Cartier-Bresson was one of the great portraitists of the 20th century. Throughout his far-flung travels, he was alert to every opportunity to add to his pantheon of photographs of notable people—mostly artists and writers—which eventually numbered nearly one thousand. He preferred to capture his sitters at home. When asked how long a session would take, he liked to answer, “Longer than the dentist but shorter than the psychoanalyst.”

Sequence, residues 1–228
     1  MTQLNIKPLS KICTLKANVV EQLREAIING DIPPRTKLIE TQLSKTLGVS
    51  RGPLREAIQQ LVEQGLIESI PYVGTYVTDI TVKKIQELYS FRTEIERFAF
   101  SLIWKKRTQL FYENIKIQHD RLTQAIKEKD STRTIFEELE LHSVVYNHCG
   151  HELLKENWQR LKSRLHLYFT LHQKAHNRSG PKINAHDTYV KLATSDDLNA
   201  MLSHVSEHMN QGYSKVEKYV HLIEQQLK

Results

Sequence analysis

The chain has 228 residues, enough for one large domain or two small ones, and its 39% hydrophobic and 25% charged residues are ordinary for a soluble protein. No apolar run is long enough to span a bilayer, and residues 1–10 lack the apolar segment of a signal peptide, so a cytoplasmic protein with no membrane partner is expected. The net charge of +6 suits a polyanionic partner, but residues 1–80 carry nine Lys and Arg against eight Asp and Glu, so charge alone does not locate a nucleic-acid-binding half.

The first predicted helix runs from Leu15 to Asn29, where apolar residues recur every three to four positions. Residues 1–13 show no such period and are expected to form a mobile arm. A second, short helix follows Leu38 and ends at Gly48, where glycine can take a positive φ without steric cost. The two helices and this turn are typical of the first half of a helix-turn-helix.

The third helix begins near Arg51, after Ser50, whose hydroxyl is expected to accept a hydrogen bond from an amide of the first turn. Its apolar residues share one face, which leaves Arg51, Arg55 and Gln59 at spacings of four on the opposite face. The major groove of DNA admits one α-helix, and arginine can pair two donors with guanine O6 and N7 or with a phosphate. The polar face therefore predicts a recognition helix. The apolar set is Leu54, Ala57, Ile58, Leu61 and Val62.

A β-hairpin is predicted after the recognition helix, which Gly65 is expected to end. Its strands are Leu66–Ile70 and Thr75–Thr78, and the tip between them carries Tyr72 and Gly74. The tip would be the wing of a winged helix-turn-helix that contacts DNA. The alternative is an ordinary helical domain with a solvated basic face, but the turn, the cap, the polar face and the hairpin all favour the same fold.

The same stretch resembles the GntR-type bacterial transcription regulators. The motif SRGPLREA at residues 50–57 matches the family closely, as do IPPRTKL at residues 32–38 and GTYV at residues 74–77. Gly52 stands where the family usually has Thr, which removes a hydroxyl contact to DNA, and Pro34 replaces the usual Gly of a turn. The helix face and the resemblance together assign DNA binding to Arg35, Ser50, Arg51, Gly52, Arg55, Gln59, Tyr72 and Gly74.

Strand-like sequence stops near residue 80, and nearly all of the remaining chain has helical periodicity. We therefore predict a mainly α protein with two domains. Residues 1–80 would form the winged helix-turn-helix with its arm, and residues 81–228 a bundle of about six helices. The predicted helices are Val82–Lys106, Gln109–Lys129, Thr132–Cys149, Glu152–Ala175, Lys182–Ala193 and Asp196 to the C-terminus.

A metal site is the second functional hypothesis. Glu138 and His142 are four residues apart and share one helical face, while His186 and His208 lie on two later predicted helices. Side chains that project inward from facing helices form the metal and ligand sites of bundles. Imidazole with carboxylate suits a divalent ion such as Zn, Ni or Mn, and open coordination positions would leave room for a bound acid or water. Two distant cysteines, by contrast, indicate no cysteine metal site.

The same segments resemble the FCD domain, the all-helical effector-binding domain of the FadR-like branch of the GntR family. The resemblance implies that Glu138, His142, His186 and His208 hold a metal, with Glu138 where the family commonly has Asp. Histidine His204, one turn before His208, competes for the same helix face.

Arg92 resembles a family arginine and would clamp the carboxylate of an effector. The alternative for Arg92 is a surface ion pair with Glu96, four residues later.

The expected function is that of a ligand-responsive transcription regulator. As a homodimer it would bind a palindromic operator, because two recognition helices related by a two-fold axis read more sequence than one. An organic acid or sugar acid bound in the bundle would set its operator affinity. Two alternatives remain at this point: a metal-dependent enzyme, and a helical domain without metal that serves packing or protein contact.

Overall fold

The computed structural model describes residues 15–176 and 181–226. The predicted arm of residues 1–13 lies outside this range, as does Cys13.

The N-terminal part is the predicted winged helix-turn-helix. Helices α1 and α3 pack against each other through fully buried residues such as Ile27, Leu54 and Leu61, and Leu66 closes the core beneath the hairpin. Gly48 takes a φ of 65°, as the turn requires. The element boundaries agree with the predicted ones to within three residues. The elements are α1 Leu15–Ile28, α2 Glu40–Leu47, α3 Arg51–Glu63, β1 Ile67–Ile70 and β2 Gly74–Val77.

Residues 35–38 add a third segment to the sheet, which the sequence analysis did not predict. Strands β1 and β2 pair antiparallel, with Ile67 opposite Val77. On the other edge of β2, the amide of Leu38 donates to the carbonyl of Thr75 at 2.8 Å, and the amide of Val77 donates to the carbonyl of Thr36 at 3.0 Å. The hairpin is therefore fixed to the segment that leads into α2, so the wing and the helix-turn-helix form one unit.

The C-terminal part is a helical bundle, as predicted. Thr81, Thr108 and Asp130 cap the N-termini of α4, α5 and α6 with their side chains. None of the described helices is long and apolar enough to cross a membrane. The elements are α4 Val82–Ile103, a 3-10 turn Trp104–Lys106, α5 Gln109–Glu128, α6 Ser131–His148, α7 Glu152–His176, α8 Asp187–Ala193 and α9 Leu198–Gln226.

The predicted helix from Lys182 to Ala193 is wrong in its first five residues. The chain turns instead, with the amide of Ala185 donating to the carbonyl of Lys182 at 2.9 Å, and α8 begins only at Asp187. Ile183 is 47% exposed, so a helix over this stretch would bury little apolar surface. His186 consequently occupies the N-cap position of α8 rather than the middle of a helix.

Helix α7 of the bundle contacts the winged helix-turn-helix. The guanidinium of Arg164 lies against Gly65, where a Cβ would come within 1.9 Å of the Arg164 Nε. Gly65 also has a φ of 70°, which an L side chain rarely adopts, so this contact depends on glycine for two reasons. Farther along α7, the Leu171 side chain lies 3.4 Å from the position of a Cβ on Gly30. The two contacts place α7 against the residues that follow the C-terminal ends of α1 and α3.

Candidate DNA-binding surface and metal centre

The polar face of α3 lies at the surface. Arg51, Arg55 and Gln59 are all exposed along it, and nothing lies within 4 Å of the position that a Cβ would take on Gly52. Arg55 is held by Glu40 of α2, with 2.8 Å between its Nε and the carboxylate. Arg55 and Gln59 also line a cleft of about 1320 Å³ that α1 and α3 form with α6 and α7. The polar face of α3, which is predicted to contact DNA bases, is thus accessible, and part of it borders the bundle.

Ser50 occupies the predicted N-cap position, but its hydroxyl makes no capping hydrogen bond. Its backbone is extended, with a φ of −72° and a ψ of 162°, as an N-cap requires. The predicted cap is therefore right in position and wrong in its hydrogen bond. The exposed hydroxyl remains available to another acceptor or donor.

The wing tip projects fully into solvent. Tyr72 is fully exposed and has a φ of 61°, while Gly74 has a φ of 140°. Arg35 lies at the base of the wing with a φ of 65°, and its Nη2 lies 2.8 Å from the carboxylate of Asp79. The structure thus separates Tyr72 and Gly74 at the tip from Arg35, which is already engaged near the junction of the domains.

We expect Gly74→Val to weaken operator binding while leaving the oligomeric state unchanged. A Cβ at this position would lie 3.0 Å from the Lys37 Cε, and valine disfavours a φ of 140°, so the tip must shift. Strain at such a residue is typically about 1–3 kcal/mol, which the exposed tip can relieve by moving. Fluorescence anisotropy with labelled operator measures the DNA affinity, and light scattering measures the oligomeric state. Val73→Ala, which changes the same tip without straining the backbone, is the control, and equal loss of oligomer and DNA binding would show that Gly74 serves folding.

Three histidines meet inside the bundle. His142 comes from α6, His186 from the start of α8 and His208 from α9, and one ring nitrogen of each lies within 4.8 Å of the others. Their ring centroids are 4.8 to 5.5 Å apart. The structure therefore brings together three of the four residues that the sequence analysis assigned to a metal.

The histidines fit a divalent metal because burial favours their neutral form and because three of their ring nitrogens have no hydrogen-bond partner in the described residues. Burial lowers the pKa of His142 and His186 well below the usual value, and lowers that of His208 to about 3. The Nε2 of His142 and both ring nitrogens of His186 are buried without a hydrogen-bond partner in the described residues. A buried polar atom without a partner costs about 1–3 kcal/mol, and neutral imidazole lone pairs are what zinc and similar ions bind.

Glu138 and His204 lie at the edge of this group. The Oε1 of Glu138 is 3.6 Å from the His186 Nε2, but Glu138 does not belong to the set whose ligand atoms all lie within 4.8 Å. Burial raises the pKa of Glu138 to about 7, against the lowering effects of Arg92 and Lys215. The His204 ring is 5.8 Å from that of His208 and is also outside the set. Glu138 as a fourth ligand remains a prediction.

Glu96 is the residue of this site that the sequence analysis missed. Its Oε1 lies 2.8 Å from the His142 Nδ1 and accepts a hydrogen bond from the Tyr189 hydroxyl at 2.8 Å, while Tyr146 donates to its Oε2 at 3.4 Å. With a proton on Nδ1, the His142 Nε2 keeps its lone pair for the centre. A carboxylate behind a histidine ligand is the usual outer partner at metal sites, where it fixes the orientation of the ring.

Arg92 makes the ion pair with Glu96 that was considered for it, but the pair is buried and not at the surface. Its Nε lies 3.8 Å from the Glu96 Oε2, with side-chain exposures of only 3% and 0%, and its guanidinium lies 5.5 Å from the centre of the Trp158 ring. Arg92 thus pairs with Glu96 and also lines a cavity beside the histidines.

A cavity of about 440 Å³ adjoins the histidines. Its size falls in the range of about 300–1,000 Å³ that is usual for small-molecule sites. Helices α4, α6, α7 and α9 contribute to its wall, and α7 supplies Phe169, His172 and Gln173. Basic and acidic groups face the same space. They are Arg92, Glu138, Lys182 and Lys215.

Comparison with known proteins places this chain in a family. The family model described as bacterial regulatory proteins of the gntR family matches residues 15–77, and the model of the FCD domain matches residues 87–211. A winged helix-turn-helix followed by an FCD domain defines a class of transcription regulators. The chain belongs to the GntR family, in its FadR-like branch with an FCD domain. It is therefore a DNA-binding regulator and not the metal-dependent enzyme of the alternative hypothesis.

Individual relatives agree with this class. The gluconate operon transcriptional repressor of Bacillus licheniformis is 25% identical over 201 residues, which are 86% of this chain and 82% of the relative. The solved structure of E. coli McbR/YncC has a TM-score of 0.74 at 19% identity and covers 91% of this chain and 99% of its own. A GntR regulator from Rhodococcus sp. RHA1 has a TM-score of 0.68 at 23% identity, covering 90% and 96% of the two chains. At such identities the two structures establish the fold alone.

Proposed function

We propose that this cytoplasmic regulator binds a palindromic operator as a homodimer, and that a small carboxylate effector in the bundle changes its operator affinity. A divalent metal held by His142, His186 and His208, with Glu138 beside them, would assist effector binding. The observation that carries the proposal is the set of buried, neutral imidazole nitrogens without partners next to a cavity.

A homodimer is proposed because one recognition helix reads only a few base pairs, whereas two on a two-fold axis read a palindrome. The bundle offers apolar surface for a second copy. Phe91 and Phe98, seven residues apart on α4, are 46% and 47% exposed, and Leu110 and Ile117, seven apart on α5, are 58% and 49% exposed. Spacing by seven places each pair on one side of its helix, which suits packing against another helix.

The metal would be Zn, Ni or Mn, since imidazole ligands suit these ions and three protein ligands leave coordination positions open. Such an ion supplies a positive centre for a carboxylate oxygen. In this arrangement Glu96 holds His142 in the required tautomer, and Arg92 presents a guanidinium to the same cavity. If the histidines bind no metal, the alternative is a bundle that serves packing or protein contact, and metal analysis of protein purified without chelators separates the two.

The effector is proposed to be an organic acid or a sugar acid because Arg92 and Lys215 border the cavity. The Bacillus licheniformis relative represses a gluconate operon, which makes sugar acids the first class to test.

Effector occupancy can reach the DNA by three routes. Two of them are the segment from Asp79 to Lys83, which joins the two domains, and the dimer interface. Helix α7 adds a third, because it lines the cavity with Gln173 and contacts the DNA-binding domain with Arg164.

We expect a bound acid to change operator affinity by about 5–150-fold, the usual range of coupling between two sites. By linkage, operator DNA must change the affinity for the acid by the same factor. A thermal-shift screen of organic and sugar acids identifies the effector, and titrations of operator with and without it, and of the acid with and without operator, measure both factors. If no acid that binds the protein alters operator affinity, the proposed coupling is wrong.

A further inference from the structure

Cartier-Bresson’s essential subject was social life, but he also had a keen eye for beauty—especially in women—and cultivated photography’s capacity to produce lovely images from whatever is at hand, no matter how banal or ugly.
Henri Cartier-Bresson. Irène and Frédèric Joliot-Curie, Paris, 1945. The Museum of Modern Art, New York. Gift of the photographer. — 2010 Henri Cartier-Bresson / Magnum Photos, courtesy Fondation Henri Cartier-Bresson.